Like most coaches, American’s Jeff Jones will take a player out of the game if he picks up his second foul in the first half, which is why Jones sat down point guard Derrick Mercer with 10 minutes 57 seconds remaining until halftime in Saturday’s game against Lafayette. The Eagles had a 21-9 lead when Mercer left the game. By the time the buzzer sounded ending the half, they trailed by four.
“Sometimes I wonder about . . . that policy that a lot of coaches have about taking somebody out with two fouls in the first half,” Jones said. Mercer is “so important to us. I really didn’t want to take a chance on him getting a third [foul] in the first half. . . . Mercer going out obviously was a big thing.”
Without Mercer on the court, American became careless and inefficient on offense and lackadaisical on defense. Six of the Eagles’ seven first-half turnovers occurred with Mercer on the bench, and Lafayette scored on 12 of its final 15 possessions of the first half to go into halftime with a 43-39 lead.
“It’s a world of difference having him on the court,” Brian Gilmore said. “He’s so much of a threat off the dribble, and he gets guys open shots, being able to penetrate and get in there, being able to feed the post, being able to get shots for shooters. We love him when he’s on the court. He can’t keep getting into foul trouble because he’s important to the team.”
Mercer has done a much better job lately of not picking up what Jones calls “careless or undisciplined” fouls. At the beginning of the season, his physical defense often cost him playing time. “I’m a little bit too aggressive with the body,” Mercer said. “When I realize how the refs are [officiating] the game, that’s when I change the way I play.”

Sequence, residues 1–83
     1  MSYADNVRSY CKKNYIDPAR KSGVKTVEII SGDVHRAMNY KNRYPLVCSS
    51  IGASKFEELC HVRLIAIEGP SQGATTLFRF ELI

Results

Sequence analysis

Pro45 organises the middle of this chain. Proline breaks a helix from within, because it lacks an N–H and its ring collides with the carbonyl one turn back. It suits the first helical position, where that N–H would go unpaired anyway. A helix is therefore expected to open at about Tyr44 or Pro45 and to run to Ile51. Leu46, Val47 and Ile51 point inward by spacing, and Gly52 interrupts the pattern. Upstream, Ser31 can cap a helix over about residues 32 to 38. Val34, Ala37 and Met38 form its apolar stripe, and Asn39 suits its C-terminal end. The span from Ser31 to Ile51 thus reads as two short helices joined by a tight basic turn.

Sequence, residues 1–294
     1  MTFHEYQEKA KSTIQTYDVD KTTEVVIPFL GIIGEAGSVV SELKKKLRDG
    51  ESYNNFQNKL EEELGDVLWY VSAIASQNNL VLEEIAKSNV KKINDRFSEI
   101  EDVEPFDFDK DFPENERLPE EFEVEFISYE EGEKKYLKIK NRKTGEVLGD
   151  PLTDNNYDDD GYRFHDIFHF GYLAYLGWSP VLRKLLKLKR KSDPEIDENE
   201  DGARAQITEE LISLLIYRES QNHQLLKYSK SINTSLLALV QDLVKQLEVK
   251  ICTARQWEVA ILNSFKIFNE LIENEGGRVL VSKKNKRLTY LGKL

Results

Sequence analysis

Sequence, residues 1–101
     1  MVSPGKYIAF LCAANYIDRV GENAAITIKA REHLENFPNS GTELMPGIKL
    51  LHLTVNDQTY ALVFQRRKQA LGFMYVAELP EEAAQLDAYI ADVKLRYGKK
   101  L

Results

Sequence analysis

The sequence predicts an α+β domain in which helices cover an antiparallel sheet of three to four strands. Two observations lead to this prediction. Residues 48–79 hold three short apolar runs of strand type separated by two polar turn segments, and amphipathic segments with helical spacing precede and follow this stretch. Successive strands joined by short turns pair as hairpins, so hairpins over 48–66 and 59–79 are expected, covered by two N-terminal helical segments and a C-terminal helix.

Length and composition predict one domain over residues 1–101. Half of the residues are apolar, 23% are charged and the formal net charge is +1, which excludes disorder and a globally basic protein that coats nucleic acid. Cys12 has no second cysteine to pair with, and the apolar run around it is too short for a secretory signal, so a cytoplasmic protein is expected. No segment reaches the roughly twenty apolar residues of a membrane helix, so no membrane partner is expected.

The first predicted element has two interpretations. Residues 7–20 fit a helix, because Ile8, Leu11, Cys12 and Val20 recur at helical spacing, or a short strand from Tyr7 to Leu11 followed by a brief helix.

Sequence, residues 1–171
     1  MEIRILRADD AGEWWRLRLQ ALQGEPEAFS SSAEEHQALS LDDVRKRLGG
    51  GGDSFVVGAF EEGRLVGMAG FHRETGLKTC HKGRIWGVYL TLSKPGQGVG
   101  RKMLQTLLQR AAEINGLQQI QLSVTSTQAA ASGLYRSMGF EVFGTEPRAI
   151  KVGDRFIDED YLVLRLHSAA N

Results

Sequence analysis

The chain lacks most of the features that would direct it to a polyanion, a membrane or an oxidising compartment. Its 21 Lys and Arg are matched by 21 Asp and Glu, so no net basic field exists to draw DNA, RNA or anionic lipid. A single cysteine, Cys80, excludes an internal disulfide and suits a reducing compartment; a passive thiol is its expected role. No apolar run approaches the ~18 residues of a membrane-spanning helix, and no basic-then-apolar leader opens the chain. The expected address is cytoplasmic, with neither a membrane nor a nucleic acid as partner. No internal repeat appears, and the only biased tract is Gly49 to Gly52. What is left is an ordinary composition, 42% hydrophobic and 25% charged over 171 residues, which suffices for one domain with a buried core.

Since the Mount St. Mary’s game, however, Mercer has tempered his aggressiveness. In the past 13 contests, he has been tagged with three or more fouls in a game just four times. He finished with two fouls against Lafayette.
“It’s just a bad habit players get sometimes,” Jones said. “They try to slap and reach for the ball. He’s an aggressive defender, but we have to tell him to kind of fight that instinct. You look at our steal totals. [American ranks fifth in the league in steals per game.] Maybe part of it is because, particularly with Derrick, we coach them, ‘don’t reach’ because we just need them in the game. Now [Mercer] might be able to have significantly more steals, but that probably would turn into significantly fewer minutes.”
Since the Mount St. Mary’s game, Mercer has played in every minute of six games. He has eight 40-minute games this season. Before his 30-minute outing against Lafayette, Mercer had missed no fewer than four minutes a game in the last 13 contests.
There’s a reason Jones rarely rests Mercer: The Eagles operate more efficiently when he’s on the court. Mercer, who has the best assist-to-turnover ratio in league games, has that sought-after quality of making those around him better.
“He takes so much pressure off all of the other guys because he does so much,” Jones said. “When he’s in there, he gives us a little bit – we don’t have much – a little bit of a margin for error because he can kind of control the game and get what we want.
“We’ve got to be better when Derrick’s not in there. . . . That’s something we’ve got to address as a team. We play Derrick a lot of minutes. If he’s able to go, he’s going to be in there. But if for whatever reason he’s not in there, we need to be better as a basketball team, and that means everybody has to do a little bit more. There’s not one guy that we’re all of sudden going to rely on because Derrick’s out.”
February 2, 2009; 6:02 AM ET
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